One of the aims of reason is to act as a virtual community for libertarians, to provide a place where people interested in "Free Minds and Free Markets" can come together not just for news and analysis but also to hash out differences of opinion. So we're especially excited to bring you this month's cover story, a debate dedicated to "Rethinking the Social Responsibility of Business" featuring Nobel laureate Milton Friedman and CEOs John Mackey of Whole Foods Markets and T.J. Rodgers of Cypress Semiconductor (see page 28).
Mackey, whose stores have transformed grocery shopping from a grim, necessary evil into a multisensory delight, takes issue with Friedman's famous dictum that business has "one and only one social responsibility": "to increase its profits." Mackey argues that "both capitalism and corporations are misunderstood, mistrusted, and disliked around the world because of statements like Friedman's on social responsibility."
In place of an exclusive focus on profits and shareholders, he sketches a new vision of the social responsibility of business, one that includes customers, employees, and other stakeholders. Friedman and Rodgers–who became a hero to all Catholic school alumni a few years back when he publicly took on a grandstanding, poorly informed nun who questioned his firm's hiring practices–respond in spirited and pointed prose. The result is an exchange as rich and filling as the surprisingly good vegan chocolate cake sold at Whole Foods.
The rest of this issue serves up other tasty morsels. Associate Editor Matt Welch explains the weird liberal love affair with eminent domain (page 18); in "The Second Romanian Revolution Will Be Televised" (page 38), he reveals how the old TV show Dallas helped bring down the Ceausescu regime and how gangsta rap has helped usher in a new age of reform. Contributing Editor Cathy Young calls out conservative Justice Antonin Scalia as a judicial activist (page 22), and former heroin addict Maia Szalavitz contributes a stirring "defense of happy pills" such as Prozac and Zoloft (page 48).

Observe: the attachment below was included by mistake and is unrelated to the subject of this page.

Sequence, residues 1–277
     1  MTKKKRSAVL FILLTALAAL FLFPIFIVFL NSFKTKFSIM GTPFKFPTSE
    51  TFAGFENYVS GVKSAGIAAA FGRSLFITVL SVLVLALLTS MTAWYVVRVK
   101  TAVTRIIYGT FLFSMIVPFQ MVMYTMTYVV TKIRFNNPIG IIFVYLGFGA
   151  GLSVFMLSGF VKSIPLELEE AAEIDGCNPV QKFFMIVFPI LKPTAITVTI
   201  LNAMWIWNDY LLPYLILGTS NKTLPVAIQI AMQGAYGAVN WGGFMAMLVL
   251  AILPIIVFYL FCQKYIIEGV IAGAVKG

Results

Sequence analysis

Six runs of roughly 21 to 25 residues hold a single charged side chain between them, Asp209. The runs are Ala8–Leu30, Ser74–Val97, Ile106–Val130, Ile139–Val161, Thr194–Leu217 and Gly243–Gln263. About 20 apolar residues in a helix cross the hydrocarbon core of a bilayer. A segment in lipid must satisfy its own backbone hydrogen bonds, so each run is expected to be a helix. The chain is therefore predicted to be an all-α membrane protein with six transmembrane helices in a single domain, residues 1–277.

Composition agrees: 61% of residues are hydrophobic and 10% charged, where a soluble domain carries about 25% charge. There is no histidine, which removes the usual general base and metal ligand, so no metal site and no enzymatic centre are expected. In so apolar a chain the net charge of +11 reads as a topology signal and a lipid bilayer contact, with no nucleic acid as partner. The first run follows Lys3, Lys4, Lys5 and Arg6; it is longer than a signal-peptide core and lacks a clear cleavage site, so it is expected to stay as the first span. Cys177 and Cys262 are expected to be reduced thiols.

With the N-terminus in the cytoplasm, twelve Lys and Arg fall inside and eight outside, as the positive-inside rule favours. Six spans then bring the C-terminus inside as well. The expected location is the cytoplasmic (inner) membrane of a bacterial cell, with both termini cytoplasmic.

Assistant Editor Kerry Howley tells the story of a truly strange businessman–Robert Graham, the conservative optometrist behind the "Nobel Prize Sperm Bank"–whose interest in eugenics led not to super-genius babies but to one-click fertility shopping and increased individual choice (page 61). Astrophysicist Sallie Baliunas delivers an update on the state of global warming–and takes the temperature of overwrought climate alarmists in "Full of Hot Air" (page 64). In this issue, we cover the waterfront–and then some.
Shortly before going to press, we learned that reason contributor Steven Vincent, the author of the impressive and moving In the Red Zone: A Journey Into the Soul of Iraq (Spence Publishing), had been kidnapped and killed by insurgents in Basra. His journalism was exemplary in its attention to detail and emphasis on human hope. Our deepest condolences to his family and friends. Reason's obituary for him is online at reason.com/links/links080405.shtml.